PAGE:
PROBLEM: Now you see them, now you don’t. Files are like that sometimes. So where are they? Are you sure you don’t have a backup somewhere?
FIX: Lost files can usually be recovered—if you discover the loss soon enough. But every time you write to the hard drive, you lower the likelihood of a successful recovery.
So use that computer as little as possible until the files are recovered or you’ve given up hope.
Try these solutions, in this order:
Check the Recycle Bin : Windows stores “deleted” files here as a safety measure. You’ll find the icon in the upper-left corner of your screen. if you find the files there, select them, right-click them, and choose Restore
Use your backup : If you back up your hard drive—or at least your libraries—on a regular basis, your files are probably preserved there.
I don’t know which backup program you use, so I can’t tell you exactly how to search for and recover the files. It’s generally a pretty intuitive process.
And if you don’t back up, maybe it’s time to get into the habit. It won’t help you this time, but it could the next
Try file recovery software : Even a file that’s no longer in the Recycle Bin may still exist. Windows doesn’t overwrite the actual ones and zeros until another file needs the drive space. That’s why I told you to avoid using the PC as much as possible.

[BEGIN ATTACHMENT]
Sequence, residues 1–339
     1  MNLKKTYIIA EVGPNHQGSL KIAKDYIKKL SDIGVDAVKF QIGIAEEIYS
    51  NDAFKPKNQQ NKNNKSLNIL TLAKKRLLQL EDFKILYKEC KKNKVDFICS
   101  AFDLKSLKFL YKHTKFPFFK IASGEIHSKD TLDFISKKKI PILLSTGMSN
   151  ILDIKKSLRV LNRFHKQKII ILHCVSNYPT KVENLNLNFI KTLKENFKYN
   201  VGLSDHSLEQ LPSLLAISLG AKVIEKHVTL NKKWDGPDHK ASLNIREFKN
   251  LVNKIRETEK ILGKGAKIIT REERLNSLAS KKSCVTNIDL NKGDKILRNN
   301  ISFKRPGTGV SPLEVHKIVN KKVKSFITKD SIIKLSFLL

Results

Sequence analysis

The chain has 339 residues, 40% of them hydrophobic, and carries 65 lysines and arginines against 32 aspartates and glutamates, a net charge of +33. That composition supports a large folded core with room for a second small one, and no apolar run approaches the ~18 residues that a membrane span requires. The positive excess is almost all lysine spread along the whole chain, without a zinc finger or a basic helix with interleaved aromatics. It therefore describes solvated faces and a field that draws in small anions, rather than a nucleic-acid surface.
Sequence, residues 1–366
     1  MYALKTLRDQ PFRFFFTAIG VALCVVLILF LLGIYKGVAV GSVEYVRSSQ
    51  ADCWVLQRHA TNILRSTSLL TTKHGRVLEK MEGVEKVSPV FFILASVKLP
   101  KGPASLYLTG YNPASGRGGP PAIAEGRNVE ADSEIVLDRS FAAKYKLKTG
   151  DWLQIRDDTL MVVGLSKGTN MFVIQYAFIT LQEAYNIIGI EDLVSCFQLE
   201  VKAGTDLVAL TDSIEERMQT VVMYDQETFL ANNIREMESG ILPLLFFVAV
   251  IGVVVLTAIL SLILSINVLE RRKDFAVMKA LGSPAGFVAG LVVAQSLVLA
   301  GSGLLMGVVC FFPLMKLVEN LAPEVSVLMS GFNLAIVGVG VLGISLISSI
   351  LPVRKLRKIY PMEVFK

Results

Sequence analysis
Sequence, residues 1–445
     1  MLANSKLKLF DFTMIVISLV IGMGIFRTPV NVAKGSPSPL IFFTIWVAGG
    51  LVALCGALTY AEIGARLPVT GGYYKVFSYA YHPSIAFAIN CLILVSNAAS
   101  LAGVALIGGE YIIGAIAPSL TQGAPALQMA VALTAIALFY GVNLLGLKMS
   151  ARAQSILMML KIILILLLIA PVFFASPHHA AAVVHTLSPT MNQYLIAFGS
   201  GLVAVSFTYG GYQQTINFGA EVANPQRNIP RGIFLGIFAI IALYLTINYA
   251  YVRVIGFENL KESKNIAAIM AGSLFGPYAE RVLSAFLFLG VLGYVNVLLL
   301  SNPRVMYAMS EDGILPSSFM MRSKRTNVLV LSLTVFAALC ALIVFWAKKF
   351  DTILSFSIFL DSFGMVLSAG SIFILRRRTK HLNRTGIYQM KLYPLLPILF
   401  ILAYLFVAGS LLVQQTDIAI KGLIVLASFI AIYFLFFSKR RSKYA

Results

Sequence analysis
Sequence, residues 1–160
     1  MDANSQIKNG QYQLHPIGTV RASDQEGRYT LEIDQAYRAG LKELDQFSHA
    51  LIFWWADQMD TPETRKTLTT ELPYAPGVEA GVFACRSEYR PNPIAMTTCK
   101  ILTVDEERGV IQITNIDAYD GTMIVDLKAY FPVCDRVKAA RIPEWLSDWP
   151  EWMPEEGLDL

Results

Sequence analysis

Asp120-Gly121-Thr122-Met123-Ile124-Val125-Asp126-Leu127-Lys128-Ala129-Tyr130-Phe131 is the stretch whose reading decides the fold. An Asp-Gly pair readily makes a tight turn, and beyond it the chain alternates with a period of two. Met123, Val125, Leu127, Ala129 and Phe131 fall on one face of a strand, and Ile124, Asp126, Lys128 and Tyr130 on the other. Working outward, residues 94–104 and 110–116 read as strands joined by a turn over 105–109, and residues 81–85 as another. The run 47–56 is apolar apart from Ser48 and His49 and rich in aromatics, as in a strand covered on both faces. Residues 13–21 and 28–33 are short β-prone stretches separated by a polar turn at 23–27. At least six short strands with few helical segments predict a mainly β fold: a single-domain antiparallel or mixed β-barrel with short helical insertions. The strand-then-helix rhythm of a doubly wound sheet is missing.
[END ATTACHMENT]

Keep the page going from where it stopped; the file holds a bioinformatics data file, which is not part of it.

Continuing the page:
There are several good file recovery programs available. I recommend Recuva Portable. It’s easy to use and has a very good track record. And it sometimes shows you the images that it can recover. (I’ve seen it recover images that it could not preview.)
And, since it’s portable, which means that you don’t have to install it, you can use it on your PC without writing to the hard drive. Download the program on another computer, and unzip it to a folder on a flash drive. Then plug the flash drive into the PC with the missing files, and run it from there.
Hire a professional : There are many data recovery services available, and if your drive is still working, you probably don’t need one of the more expensive ones.
3. Back up your data files
PROBLEM: Not backing up is like not wearing a seatbelt. You can go months or even years without a problem, then disaster strikes and you’re in serious trouble.
FIX: It’s a simple rule: Never have only one copy of anything. You absolutely must backup your data files every day. And no, you don’t have to copy each of those files every day.
Any decent file backup program can do an incremental backup—copying only the files that have been created or changed since the last backup. By data files, I mean your documents, photos, spreadsheets, songs, and so on.